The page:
Whether an Internet marketing voucher or coupon sold by a lawyer for legal representation is consistent with the Arizona Rules of Professional Conduct will depend on the terms and conditions of the voucher or coupon sold as well as the other facts and circumstances. Absent specific terms and conditions, however, it is unlikely that an Arizona lawyer can ethically use Internet marketing voucher- or coupon-based legal services due to a panoply of ethical concerns arising under Ethical Rules (ERs) 1.1, 1.2, 1.6, 1.7, 1.9, 1.15, 1.16, 1.18, 5.4, 7.1, and 7.2.
A lawyer may ethically participate in an Internet-based group advertising program that limits participation to a single lawyer for each ZIP code from which prospective clients may come, provided that the service fully and accurately discloses its advertising nature and, specifically, that each lawyer has paid to be the sole lawyer listed in a particular ZIP code. To remain a permissible group advertising program, such a service may do nothing more to match clients with lawyers than to provide inquiring clients with the name and contact information of participating lawyers, without communicating any substantive endorsement. The service will lose the protection afforded by the required disclosures and cross the line that distinguishes permissible advertising from an impermissible for-profit referral service if the required disclosures are difficult to find, read, or understand; are contradicted by other messages on the website; or are made so late in the process that the consumer of legal services is unlikely to read them before contacting participating lawyers.
In anticipation of the formal release of this opinion, the Maricopa County Bar Association (MCBA) petitioned the Arizona Supreme Court to change, on an emergency basis, ERs 5.4 and 7.2 to resolve the problems this opinion identifies. The Court granted that request and adopted the MCBA’s proposed rule changes on an emergency basis, effective April 6, 2010. The Court then adopted the changes permanently, effective September 2, 2010. As a result of the rule-change petition and Court’s order, the rules now in effect are different from the rules at issue in this opinion.A lawyer may not ethically participate in a not-for-profit lawyer referral service if, as a condition of such participation, the lawyer is required to pay the service a percentage of the fees earned on the case.
In the context of a prepaid legal services program, attorneys may not release confidential or privileged information to a third-party auditor without the client's informed consent. Because billing information often contains confidential information, contractual provisions requiring an attorney to allow, without exception, third parties to review the client file and billing records violate ER 1.6(a).
An attorney may agree to represent a client under a prepaid legal services agreement that limits the presumptive compensation allowable for "basic" legal services if the attorney complies with ER 1.8(f)(2), including determining that the limit on payment does not interfere "with the lawyer's independence of professional judgment or with the client-lawyer relationship." When agreeing to accept third-party payments, the attorney must be careful to abide by the client's "decisions concerning the objectives of representation and ... whether to settle a matter." ER 1.2(a). An attorney's agreement to limit compensation from a third party does not limit the attorney's duty provide a diligent and thorough representation of the client.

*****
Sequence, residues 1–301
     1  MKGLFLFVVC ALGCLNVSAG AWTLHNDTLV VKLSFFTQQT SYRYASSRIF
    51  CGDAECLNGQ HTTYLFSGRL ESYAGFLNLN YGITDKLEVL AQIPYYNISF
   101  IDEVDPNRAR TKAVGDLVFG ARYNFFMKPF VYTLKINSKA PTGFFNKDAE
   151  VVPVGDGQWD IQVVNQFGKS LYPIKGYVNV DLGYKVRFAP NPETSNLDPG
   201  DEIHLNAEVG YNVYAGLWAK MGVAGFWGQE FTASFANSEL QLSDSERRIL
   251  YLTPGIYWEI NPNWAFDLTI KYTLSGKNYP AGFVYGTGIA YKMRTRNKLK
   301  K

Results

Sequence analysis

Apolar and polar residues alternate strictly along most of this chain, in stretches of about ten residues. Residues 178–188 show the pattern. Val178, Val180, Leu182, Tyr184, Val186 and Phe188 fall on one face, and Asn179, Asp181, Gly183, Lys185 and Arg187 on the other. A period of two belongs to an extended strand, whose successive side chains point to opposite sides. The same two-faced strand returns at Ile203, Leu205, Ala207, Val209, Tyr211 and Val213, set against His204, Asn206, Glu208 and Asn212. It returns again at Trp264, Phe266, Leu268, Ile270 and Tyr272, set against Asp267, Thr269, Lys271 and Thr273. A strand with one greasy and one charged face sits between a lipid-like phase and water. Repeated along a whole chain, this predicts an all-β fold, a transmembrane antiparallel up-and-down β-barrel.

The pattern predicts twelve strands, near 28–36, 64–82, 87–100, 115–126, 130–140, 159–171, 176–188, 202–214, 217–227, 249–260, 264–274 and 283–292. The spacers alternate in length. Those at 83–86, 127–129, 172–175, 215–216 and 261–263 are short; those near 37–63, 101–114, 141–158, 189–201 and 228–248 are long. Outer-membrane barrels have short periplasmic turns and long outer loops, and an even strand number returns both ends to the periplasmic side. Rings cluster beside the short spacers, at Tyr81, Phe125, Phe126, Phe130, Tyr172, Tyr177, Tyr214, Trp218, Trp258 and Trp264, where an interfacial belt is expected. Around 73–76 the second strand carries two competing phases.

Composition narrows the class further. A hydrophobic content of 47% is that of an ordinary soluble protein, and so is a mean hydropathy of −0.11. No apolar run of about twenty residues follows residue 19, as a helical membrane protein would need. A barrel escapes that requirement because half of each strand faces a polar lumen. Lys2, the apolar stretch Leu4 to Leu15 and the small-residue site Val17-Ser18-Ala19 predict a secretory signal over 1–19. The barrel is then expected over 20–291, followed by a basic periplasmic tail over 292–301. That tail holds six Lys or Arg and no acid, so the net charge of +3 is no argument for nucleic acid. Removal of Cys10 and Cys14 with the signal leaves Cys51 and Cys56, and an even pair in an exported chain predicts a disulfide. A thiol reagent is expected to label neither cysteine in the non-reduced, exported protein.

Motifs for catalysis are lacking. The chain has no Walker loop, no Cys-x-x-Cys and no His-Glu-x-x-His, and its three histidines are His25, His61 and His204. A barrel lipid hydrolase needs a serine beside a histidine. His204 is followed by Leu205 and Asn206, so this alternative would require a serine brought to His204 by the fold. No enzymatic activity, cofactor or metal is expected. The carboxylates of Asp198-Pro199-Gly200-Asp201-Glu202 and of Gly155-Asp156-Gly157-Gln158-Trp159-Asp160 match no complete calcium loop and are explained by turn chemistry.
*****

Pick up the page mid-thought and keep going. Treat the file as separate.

Provisions in a prepaid legal services contract between a client and the issuing trust do not excuse a lawyer's compliance with applicable ethical rules. An attorney may not enter into a contract that requires the attorney to violate his or her ethical duties.
An attorney who is on inactive status and not practicing law must comply with the Rules of Professional Conduct. An inactive attorney may pay a referral fee to a third party so long as the fee is not related to legal services and does not constitute sharing of legal fees. An inactive attorney may not, however, pay the referral fee to a practicing attorney.
A lawyer should not enter into a criminal defense contract to provide legal services paid by a third party if the contract might induce the lawyer improperly to curtail services or to perform them in a way contrary to the client's interests because of insufficient funding and that requires authorizations from non-lawyer third parties. [ERs 1.7(b), 1.8(f), 5.4(c)]
When a law firm pays a fee to a staffing agency for services rendered in connection with the temporary employment of a lawyer, ER 5.4(a), Ariz. R.S.Ct. 42, is not violated if the fee is independent of any amounts actually received from the client. This remains true even when the agency compensates the temporary lawyer out of the sum received from the law firm. [ER 5.4]
A lawyer employed by an architectural firm may not provide legal services to the firm's clients, where the firm pays the attorney a salary but charges the clients an hourly rate for the lawyer's services, because of possible conflicts of interest and impermissible fee-sharing with non-lawyers. [ER 1.7, 1.8(f), 5.4, 7.1]
An Arizona attorney may permit his non-lawyer paralegal, who is a licensed tribal advocate, to represent clients in tribal court if that court’s rules so permit, because that court’s rules govern the conduct. Such representations will not run afoul of the Arizona lawyer’s duty to not assist unauthorized practice of law as long as the paralegal representation is limited to tribal court. [ER 5.3, 5.4, 5.5, 8.5]